Sunday, June 12, 2011

A Response Against the Undeclared War

Billy Herndon left a comment that he thought that President Obama was authorized to attack and bomb Libya under his powers as Commander-in-Chief. I disagreed, offering the following rejoinder:

The provision of the Constitution giving the war making power to Congress was dictated, as I understand it, by the following reasons: kings had always been involving and impoverishing their people in wars, pretending generally, if not always, that the good of the people was the object. This our convention understood to be the most oppressive of all kingly oppressions, and they resolved to so frame the Constitution that no one man should hold the power of bringing this oppression upon us. But your view destroys the whole matter, and places our President where kings have always stood. Write soon again.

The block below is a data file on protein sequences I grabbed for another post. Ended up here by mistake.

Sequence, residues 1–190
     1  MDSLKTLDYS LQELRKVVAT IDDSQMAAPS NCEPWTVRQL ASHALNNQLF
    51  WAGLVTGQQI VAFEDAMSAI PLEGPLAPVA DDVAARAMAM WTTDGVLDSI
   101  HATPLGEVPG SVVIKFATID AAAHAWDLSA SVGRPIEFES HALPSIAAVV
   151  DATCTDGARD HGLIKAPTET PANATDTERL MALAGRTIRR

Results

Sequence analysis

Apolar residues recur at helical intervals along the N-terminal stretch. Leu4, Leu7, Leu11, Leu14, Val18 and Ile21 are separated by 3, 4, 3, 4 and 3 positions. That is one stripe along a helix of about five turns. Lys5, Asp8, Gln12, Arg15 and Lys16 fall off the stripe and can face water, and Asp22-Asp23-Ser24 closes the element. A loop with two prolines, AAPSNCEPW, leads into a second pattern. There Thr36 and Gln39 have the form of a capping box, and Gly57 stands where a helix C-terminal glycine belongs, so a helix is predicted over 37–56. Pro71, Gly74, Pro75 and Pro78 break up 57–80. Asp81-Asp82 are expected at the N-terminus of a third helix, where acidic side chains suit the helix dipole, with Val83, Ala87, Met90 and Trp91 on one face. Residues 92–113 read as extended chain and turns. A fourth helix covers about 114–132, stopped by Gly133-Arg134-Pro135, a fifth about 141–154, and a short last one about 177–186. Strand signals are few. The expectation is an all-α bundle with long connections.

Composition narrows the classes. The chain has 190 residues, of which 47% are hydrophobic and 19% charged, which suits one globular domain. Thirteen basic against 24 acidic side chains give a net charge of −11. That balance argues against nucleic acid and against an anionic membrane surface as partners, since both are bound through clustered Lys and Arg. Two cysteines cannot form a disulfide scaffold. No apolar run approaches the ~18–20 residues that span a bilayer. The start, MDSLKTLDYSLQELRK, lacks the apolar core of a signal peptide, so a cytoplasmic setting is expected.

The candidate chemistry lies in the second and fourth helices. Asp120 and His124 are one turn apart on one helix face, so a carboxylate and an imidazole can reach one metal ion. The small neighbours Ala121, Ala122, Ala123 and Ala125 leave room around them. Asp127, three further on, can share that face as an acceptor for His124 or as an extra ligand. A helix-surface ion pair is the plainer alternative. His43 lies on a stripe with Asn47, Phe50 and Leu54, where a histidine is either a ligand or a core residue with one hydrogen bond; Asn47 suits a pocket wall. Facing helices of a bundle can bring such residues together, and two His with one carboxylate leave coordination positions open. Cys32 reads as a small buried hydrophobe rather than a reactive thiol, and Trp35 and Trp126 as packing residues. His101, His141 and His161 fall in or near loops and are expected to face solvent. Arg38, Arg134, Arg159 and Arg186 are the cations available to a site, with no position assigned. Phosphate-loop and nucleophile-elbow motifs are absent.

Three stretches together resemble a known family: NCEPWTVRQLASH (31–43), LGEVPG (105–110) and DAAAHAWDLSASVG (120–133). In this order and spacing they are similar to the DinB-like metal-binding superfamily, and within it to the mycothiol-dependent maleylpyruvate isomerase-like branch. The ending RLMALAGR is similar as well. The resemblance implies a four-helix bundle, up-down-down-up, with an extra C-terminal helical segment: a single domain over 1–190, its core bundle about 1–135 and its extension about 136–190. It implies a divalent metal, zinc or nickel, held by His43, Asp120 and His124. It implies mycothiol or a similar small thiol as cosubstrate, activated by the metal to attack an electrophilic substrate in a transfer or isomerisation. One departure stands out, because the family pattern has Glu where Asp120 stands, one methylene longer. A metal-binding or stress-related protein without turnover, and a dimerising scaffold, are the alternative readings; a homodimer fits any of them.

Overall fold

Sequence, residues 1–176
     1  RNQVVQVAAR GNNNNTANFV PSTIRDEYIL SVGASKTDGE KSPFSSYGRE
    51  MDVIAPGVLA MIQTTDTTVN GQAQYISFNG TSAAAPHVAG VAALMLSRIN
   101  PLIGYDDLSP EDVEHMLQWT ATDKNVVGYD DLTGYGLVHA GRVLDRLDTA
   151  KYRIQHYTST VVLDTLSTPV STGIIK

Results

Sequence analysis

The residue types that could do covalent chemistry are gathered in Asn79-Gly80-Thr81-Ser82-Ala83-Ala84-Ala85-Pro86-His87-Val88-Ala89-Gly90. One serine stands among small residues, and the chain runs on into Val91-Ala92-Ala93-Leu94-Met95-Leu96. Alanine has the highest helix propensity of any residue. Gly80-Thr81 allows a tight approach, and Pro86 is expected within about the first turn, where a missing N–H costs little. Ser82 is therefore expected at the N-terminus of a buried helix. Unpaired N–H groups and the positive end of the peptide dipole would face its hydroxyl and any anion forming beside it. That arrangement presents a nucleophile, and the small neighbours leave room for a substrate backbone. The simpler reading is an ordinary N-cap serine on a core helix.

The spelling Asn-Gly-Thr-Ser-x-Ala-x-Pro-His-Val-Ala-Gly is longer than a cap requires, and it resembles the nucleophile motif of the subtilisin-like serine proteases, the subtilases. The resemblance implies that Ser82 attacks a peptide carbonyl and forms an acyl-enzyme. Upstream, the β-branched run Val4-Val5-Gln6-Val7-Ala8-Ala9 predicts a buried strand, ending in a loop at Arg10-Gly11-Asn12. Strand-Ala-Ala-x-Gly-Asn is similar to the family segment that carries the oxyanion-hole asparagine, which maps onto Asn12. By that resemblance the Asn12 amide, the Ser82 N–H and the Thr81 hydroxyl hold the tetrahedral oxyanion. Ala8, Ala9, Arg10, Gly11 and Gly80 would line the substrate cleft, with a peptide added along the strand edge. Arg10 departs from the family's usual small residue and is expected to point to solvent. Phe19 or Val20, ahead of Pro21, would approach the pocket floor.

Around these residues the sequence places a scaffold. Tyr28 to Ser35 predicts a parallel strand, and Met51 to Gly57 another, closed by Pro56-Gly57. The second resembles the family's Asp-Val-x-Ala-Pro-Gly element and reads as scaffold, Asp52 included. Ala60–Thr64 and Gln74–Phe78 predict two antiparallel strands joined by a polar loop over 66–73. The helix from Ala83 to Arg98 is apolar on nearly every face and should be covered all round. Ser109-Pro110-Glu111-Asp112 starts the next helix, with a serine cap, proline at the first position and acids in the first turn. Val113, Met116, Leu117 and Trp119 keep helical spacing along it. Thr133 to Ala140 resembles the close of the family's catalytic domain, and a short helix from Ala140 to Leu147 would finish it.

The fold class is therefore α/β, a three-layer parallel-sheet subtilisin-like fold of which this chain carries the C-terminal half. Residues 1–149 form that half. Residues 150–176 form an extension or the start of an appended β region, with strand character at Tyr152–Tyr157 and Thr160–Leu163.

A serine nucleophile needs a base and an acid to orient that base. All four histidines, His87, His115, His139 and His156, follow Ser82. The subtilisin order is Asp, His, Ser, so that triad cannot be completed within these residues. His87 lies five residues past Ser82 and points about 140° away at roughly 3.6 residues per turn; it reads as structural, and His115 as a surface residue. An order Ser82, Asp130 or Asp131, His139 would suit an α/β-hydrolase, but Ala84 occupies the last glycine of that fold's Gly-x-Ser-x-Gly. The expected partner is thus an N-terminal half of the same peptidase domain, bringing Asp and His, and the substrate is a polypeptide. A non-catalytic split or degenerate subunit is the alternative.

I await Mr. Herndon's response, although I fear it will not be forthcoming. . . .

1 comment:

Mister Parker said...

Yes, but you don't understand -- if our duly elected representatives exercised their responsibilities to declare war, as specified by the constitution, they'd be on record, one way or the other, unable to talk out of both sides of their mouths, which means they could be held accountable in the next election, which means we the voters could no longer simply bitch and moan and blow with the wind but would actually have to make up our minds and take a stand -- a direct threat to our comfortably indifferent way of life.

I put it to you, Greg - isn't this an indictment of our entire American society? Well, you can do whatever you want to us, but we're not going to sit here and listen to you badmouth the United States of America. Gentlemen!